The world is willing to tolerate market swings in the world's second-largest economy if it means reforms are underway—that's the message from global experts at the World Economic Forum (WEF) in Dalian.
As long as Beijing keeps its exchange rate market-based, any volatility that follows is nothing to worry about, Zhu Min, deputy managing director at the International Monetary Fund (IMF) told CNBC on the sidelines of the conference known as the 'Summer Davos.'
"Experience says if you change exchange rates, you change market expectations, which increases market volatility. That's very normal."
Beijing's historic announcement to make the renminbi more freely floating on August 11 sent shockwaves throughout Asia and triggered further weakness among regional currencies as nations like Vietnam and South Korea worry about export competitiveness.
While several strategists believe the yuan is likely to depreciate further from its current 6.4 level against the dollar, Chinese Premier Li Keqiang announced at a WEF speech on Thursday that the currency will be kept "basically stable" going forward.
The other primary source of China's market volatility lies in its stock markets. An aggressive rout that started in mid-June wiped around $3 trillion off China-listed shares, according to estimates. The benchmark Shanghai Composite is now more than 18 percent lower in the past thirty days.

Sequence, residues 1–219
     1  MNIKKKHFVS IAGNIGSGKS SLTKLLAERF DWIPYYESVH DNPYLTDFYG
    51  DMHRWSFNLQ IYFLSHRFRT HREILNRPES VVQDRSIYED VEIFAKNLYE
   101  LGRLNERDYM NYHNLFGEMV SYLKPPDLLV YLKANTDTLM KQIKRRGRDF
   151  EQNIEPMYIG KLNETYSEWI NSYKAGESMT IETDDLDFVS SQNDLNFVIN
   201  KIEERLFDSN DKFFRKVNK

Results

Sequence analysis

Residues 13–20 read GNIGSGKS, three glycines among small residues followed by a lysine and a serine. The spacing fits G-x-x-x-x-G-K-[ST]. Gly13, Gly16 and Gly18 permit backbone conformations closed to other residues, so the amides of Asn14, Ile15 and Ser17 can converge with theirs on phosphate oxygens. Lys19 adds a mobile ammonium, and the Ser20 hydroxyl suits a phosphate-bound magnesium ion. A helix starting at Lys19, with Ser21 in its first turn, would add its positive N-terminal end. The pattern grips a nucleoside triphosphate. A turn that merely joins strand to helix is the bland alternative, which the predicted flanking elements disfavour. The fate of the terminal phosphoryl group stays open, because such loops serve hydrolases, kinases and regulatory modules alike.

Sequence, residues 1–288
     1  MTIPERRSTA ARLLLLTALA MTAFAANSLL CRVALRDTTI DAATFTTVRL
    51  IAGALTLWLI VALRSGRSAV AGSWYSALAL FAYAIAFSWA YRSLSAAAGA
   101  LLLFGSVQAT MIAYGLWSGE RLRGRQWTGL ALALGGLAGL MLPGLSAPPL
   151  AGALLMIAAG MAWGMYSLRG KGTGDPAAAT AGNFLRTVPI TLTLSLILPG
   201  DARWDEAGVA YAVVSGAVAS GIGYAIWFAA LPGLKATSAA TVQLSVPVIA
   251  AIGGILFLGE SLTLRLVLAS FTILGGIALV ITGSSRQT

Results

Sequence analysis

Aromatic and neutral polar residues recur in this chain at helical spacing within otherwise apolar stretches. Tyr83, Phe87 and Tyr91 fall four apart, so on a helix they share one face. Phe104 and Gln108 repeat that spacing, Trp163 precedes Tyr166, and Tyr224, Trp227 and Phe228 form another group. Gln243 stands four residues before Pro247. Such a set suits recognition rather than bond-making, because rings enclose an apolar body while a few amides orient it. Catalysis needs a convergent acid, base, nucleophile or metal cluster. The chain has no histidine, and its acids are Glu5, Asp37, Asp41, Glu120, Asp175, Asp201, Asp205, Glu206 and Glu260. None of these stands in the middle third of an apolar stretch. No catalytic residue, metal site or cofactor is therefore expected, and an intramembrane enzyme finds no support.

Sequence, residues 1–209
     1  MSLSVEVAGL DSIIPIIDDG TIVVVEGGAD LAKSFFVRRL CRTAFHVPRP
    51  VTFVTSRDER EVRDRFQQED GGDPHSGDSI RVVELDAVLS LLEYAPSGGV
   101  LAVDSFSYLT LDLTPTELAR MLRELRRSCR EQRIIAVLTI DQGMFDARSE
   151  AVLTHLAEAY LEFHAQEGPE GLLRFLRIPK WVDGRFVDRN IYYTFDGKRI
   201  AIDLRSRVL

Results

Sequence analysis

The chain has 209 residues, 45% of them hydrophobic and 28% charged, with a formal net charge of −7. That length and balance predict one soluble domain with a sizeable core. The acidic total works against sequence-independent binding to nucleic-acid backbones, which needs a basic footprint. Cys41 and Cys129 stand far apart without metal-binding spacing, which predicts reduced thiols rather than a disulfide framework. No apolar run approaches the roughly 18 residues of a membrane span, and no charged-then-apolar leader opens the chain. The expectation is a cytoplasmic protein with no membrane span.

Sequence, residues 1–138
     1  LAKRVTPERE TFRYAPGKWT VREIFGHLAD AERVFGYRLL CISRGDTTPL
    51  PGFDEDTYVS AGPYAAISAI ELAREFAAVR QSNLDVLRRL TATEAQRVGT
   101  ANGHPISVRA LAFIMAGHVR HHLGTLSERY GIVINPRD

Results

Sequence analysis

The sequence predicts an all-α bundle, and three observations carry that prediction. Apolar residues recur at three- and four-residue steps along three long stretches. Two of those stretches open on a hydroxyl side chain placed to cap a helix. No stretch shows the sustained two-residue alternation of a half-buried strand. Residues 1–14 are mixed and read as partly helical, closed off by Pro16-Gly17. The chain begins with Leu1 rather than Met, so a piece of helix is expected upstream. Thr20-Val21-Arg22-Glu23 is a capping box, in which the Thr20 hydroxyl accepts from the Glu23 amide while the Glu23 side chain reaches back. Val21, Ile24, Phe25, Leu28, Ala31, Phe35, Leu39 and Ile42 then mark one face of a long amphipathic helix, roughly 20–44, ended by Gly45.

If investors see more progress on structural reforms, sentiment should improve, Helen Zhu, head of China equities at BlackRock, told CNBC on Thursday.
"People are willing to overlook lower corporate profits in the near-term if it means a better growth outlook and higher quality earnings over the medium to longer term," she explained. "That shift will ultimately lay the foundation for a potential sustainable bull market in China."
Citing Premier Li's address on Thursday, she explained that medium to longer term reforms sometimes have short-term cyclical negative implications but Beijing's ample policy tools should ensure stability.
Indeed, the Premier used a chess analogy in his closely-watched speech to soothe market fears.
China has many pieces on the chess board and as it tries to get to the other side, that involves moving sideways and backwards, but ultimately, the country knows where it's going, he explained.
There are two elements critical for Beijing's reform progress to continue, according to the IMF's Zhu.
"It depends how much domestic consumption and services pick up, as well as how much corporates improve profit margins and efficiency so they can deleverage debts. These two things have to go together."
The IMF is predicting China's economy to expand an annual 6.8 percent this year and 6.3 percent in 2016, from 7.4 percent in 2014.
However, Zhu warned that the group's forecasts may change in the second half.
"The financial sector contributed to growth in the first-half and given the equity market's volatility, finance sector contribution may drop in the second-half."